PURPOSE: To investigate the organization of stromal collagen in healthy ex vivo corneas of different species from second harmonic generation (SHG) microscopy images.
METHODS: A custom backscattered nonlinear microscope has been used to study the corneal structure of different species: porcine, bovine, rabbit, rat, chicken, and humans. The instrument uses a femtosecond laser for illumination, a scanning unit, and a photon-counting detection evice. It also includes a wavefront aberration control module.
RESULTS: SHG images revealed the microscopic organization of the lamellae of collagen fibers. Despite absorption, for all corneal depths, images could be analyzed. The anterior stroma was similar in all samples, showing interwoven short bands of collagen randomly distributed. The lamellae at the central and posterior stroma were densely packed and often presented longer bundles lying predominantly parallel to the corneal surface with characteristic spatial distributions for each species. In particular, collagen bundles in bovine and porcine corneas were interweaved. In the chick cornea, the stromal arrangement had an orientation changing regularly with depth. In human corneas, lamellae were longer and had similar orientation than their neighbors.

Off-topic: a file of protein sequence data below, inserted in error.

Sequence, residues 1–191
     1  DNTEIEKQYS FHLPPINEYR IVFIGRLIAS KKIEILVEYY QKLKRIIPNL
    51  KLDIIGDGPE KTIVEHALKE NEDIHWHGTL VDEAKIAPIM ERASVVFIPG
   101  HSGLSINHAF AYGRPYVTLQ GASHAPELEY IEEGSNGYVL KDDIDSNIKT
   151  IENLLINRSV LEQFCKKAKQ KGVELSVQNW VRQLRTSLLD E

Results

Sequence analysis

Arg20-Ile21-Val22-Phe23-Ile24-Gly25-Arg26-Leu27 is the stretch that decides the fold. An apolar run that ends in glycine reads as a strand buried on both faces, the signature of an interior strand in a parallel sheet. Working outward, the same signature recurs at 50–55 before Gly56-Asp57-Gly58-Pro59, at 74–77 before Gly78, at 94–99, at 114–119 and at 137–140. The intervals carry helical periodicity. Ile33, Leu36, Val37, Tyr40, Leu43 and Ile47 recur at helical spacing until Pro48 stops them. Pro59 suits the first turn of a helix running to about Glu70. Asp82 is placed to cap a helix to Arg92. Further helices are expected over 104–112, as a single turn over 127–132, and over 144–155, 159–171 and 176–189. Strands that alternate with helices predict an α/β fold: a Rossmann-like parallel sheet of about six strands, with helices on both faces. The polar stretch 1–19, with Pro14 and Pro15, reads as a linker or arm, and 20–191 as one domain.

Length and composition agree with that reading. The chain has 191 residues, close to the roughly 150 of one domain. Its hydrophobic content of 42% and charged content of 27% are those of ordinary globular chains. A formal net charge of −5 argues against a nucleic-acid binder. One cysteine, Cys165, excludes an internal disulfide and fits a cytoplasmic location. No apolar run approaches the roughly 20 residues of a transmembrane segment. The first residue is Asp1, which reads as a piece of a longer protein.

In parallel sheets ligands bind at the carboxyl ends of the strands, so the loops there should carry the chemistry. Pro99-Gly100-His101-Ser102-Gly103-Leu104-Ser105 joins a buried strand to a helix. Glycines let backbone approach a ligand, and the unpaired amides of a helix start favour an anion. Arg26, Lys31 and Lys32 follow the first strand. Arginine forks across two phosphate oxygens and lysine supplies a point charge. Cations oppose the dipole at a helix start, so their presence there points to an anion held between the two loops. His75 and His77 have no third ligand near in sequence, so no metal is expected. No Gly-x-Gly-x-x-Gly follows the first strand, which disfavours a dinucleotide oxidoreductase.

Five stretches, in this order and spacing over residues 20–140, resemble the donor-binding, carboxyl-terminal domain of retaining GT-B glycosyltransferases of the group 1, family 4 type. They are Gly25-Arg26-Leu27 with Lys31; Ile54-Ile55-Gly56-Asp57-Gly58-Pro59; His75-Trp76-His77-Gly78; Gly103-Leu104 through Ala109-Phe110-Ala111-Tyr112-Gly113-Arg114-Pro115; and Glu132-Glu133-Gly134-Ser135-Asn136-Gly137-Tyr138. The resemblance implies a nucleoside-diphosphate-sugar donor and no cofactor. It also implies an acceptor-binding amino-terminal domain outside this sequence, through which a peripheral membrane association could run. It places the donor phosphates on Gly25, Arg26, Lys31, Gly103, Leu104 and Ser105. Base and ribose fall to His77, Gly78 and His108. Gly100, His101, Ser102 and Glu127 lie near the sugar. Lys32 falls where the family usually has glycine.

CONCLUSIONS: Using a unique wavefront aberration–controlled backscattered nonlinear microscope, changes in corneal morphology as a function of depth were characterized for different species (including humans). This allowed a direct comparison among species, which might help to establish the basis of collagen distribution in animal models or to understand diseased corneas.